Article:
This week, the Whole Woman’s Health Alliance (WWHA) announced that they will be opening two new clinics, one in Charlottesville, Virginia and the other in South Bend, Indiana. While there was resistance from anti-abortion protesters, this announcement was met with resounding support from a number of women’s health advocates.

“Nearly a year after the election of the most anti-abortion administration in decades, Whole Woman’s Health Alliance is doubling down on what we do best: providing compassionate holistic care and proclaiming loudly and proudly that every day, good women have abortions. We will go where they need us the most,” read a statement by Amy Hagstrom Miller, founder and CEO of Whole Woman’s Health.

In 2016, Whole Woman’s Health led the fight against Texas’s HB 2 law, which required clinics offering abortion services to comply with ambulatory surgical center standards, as well as mandated that doctors performing abortions have admitting privileges at local hospitals. The Supreme Court eventually overturned the law and ruled that both provisions constitute an undue burden on women seeking abortion.

After the Supreme Court ruling establishing an undue burden, the Virginia Board of Health approved amendments to do away with the unconstitutional and medically unnecessary requirements that the state had originally passed in 2011. While this would have put Virginia in compliance with the Supreme Court decision, the anti-abortion Family Foundation of Virginia stepped in and filed a lawsuit in March alleging that procedure had been violated, delaying its implementation.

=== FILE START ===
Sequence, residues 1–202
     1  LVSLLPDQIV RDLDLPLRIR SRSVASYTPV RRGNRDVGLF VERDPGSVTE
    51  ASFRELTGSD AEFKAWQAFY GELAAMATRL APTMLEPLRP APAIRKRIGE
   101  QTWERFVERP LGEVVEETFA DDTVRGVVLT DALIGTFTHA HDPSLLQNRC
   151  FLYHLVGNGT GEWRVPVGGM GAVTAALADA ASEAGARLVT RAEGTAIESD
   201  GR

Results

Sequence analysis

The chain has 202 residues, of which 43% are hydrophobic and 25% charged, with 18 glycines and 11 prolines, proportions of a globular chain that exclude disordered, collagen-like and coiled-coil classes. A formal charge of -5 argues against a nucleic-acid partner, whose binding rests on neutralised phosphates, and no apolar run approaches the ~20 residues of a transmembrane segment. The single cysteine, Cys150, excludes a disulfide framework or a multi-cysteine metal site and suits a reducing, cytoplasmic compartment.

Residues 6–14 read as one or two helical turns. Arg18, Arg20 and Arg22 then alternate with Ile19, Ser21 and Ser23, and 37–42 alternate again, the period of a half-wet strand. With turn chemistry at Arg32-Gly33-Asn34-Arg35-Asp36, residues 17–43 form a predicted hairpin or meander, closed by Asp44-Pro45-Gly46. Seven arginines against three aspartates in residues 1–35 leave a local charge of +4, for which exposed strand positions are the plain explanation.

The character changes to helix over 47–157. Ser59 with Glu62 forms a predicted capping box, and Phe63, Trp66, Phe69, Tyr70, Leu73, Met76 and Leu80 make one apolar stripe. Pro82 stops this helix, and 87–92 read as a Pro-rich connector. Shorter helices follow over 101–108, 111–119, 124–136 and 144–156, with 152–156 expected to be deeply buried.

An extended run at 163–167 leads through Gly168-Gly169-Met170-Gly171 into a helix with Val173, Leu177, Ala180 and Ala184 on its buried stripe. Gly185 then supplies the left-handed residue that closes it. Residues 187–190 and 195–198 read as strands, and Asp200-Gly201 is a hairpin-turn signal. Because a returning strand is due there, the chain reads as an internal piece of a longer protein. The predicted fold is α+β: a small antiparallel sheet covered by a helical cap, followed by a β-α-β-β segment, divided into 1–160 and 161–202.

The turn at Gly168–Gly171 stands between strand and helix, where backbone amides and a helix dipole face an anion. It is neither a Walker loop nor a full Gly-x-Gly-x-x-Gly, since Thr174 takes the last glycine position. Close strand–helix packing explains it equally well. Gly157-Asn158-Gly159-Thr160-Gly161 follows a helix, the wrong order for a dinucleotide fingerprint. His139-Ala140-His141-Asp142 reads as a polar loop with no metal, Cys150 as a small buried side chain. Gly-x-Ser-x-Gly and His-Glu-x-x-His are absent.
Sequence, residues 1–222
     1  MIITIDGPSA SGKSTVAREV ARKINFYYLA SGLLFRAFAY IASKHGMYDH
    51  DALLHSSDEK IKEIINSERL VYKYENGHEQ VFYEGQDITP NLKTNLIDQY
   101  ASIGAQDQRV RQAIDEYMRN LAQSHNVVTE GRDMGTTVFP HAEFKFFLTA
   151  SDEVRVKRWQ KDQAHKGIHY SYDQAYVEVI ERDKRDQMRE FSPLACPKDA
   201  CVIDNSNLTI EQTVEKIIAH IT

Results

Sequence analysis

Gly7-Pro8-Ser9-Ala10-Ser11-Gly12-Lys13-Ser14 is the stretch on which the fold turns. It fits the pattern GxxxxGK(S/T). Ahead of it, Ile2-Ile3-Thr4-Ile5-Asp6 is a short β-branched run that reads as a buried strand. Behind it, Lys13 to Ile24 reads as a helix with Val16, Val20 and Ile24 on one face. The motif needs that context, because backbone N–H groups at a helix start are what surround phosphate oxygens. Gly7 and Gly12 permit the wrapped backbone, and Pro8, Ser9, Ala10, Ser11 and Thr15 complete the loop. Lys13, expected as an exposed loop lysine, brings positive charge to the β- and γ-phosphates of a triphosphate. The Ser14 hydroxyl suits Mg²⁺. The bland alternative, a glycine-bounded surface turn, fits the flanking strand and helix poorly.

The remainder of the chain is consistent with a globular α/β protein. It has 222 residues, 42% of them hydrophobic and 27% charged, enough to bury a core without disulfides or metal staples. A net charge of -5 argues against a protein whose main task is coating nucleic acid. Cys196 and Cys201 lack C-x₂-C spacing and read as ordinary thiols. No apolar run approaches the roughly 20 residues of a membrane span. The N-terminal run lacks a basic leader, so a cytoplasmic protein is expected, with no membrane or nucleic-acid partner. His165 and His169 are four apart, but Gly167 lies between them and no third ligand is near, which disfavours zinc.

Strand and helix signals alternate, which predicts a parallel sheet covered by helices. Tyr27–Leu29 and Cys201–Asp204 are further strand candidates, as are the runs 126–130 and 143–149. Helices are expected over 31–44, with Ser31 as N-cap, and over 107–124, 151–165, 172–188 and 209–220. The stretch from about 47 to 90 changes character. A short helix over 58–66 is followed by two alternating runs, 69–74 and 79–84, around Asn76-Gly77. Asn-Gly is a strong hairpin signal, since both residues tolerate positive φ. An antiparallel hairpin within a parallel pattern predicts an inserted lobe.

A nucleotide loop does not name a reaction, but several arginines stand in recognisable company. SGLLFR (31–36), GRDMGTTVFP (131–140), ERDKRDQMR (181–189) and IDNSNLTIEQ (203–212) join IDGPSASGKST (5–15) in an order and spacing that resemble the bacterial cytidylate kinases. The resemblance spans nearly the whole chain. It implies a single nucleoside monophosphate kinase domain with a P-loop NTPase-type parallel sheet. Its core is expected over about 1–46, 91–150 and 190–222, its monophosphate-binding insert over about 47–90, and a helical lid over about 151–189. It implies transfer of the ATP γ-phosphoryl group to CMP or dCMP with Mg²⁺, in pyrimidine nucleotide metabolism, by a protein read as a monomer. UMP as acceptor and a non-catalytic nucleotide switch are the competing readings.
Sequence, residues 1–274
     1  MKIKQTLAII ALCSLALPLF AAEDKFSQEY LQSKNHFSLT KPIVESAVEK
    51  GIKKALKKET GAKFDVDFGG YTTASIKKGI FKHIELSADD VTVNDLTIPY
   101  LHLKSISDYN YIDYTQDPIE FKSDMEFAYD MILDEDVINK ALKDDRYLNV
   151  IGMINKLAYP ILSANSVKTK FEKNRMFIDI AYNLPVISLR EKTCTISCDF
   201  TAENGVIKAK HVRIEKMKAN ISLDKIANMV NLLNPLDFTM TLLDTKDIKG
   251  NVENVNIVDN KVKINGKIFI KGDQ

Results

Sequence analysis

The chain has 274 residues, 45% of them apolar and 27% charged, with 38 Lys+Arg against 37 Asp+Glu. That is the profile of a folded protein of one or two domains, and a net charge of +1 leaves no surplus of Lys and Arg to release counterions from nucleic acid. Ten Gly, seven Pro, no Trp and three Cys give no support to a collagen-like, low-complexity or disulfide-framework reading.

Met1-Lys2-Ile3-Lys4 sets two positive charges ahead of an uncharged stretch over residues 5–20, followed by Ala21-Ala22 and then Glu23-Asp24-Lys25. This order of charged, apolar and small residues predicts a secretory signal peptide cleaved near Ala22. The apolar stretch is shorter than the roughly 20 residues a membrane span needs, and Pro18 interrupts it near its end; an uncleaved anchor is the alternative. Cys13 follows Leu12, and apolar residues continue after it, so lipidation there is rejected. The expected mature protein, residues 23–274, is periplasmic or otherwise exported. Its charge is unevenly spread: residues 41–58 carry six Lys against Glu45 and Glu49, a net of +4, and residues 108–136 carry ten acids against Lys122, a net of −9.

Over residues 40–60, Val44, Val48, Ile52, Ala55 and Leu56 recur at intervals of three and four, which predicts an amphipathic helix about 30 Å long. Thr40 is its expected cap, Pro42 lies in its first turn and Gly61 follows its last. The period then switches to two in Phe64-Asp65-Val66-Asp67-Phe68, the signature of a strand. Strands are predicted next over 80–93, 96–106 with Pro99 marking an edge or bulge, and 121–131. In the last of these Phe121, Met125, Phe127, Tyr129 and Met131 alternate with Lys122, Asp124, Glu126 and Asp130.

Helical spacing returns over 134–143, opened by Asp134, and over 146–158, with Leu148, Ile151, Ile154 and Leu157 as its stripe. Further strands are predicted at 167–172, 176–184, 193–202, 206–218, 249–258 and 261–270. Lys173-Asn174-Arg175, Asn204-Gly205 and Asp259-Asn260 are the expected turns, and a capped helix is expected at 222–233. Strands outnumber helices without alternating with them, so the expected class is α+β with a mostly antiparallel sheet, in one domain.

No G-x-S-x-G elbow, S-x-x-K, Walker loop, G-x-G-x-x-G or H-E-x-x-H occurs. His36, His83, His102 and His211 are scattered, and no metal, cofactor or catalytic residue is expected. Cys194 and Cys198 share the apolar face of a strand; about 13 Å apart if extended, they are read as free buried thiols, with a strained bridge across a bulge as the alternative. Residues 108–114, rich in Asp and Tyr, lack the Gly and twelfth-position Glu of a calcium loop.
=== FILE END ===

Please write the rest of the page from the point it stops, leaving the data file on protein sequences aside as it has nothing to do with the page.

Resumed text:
Virginia and Indiana are both considered “extremely hostile” in regard to abortion access. Before an abortion, women in Virginia are required to endure mandated counseling, a 24 hour waiting period, and an ultrasound where they are asked if they would like to view an image of the fetus.

Virginia only has thirteen clinics that provide abortion services, leaving nearly 78% of women without access to an abortion provider in her own county. Additionally, Virginia has 58 crisis pregnancy centers, which often have no doctors on staff, but rather are used to deceive, manipulate, and shame pregnant women seeking information abortion.

Similarly, Indiana faces a serious lack of abortion access with only six open clinics. South Bend has not had a functioning clinic since 2015. But there has been some legal progress. In September, a federal judge struck down several provisions of an anti-abortion law that outlawed abortion in cases of severe genetic abnormalities. The same law required all fetuses to be cremated or buried.

Even though new clinic doors are opening, threats and harassment against abortion providers is still at a high. According to the Feminist Majority Foundation’s National Clinic Violence Survey, the number of clinics experiencing the most severe types of threats and violence, including death threats, stalking and blocking clinic access, dramatically increased from 19.7 percent of providers in 2014 to 34.2 percent of survivors in 2016. Also in 2016, half of clinics nationwide experienced at least one incident of severe violence and/or at least one incident of severe harassment, such as a break-in or vandalism. The overwhelming majority of clinics (91.1%) report experiencing some type of anti-abortion activity, with 63.2 percent of providers experiencing activity at least once a week.

 

Media Sources: Whole Women’s Health 10/30/17, South Bend Tribune 10/25/17, WSBT 10/30/17; Feminist Majority Foundation 8/11/17, 10/5/17, 2/9/17.

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